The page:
Brightwave and Microsoft to bring broadband to rural areas

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Microsoft South Africa and ISP Brightwave have signed an agreement which will bring internet access to 213 000 students at 609 primary and secondary schools as well as healthcare clinics in the Eastern Cape.

The partnership forms part of Microsoft’s Affordable Access Initiative which has the goal of bringing access to broadband and energy to unserved and under-served communities.

This particular partnership will enable digital transformation in the health, education, public safety and national security sectors as well.

“Through partnerships such as these, we will be able to empower entrepreneurs to provide connectivity to many more people and consequently, enable the creation of critical services for many more South Africans who need it most,” senior director of the Affordable Access Initiative team, Paul Garnett said in a statement.

Brightwave hopes that this partnership will catapult these under-served communities into the digital age. The firm says that local government can use the connectivity to power elearning, ehealth, egovernment, and ecommerce solutions  to improve service delivery in rural communities.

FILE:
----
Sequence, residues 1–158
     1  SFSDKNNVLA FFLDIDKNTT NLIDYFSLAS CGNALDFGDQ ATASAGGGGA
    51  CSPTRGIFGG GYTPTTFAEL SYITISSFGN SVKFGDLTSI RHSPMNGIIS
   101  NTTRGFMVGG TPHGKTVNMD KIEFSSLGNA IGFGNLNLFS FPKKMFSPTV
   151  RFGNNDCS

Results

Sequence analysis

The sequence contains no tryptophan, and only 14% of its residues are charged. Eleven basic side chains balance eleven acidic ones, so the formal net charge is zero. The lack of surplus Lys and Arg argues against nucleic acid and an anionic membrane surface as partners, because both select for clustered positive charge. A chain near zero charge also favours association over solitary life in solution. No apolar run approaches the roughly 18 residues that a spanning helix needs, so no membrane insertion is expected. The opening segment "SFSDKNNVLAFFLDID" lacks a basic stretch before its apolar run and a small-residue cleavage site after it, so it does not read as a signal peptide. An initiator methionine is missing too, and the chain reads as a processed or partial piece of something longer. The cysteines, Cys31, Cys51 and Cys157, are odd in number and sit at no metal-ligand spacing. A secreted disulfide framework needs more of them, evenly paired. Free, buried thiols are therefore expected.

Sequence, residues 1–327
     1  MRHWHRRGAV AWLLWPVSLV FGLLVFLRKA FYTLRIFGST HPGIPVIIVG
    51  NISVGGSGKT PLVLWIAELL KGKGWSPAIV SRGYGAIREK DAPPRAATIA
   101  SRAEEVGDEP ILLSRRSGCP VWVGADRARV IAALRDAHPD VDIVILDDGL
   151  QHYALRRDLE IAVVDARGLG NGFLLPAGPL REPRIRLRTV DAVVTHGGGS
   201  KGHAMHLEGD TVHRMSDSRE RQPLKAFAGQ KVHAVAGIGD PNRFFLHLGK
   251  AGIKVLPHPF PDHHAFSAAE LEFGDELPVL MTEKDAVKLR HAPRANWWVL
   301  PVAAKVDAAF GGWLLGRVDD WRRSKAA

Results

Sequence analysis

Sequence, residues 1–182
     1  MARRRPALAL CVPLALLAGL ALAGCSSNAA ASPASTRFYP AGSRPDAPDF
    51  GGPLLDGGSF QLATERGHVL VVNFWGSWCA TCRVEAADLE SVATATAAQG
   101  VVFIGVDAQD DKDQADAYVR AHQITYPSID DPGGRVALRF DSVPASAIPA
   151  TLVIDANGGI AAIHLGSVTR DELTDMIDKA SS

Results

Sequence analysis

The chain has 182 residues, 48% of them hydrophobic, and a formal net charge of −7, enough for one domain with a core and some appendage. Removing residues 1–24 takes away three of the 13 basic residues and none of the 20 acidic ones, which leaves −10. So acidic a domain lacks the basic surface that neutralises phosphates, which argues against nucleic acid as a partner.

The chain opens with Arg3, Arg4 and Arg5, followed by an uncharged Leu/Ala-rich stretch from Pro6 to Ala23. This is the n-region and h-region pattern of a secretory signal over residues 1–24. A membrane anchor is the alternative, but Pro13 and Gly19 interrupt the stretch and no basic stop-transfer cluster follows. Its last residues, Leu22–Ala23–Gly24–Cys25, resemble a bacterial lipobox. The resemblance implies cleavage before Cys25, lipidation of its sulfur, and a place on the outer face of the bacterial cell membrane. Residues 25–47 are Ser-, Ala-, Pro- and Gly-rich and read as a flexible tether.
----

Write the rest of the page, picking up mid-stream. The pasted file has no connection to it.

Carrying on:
Local businesses will also be able to leverage the cost saving and security benefits of cloud based solutions such as Office 365.

The deployment of this broadband infrastructure (which also uses TV white space technology) is being co-funded by the Universal Service and Access Agency of South Africa (USAASA).

“This initiative will provide many entrepreneurs within under-served communities and rural areas with the tools they need to create businesses, address community problems and also help close the local skills gap, by enhancing the learning experience available to schools in these areas,” chief executive officer at USAASA, Lumko Mtimde said in a statement.


[Image – CC 2.0 Blaise Alleyne]

Brendyn Lotz

Brendyn Lotz

Brendyn Lotz writes news, reviews, and opinion pieces for Hypertext. His interests include SMEs, innovation on the African continent, cybersecurity, blockchain, games, geek culture and YouTube.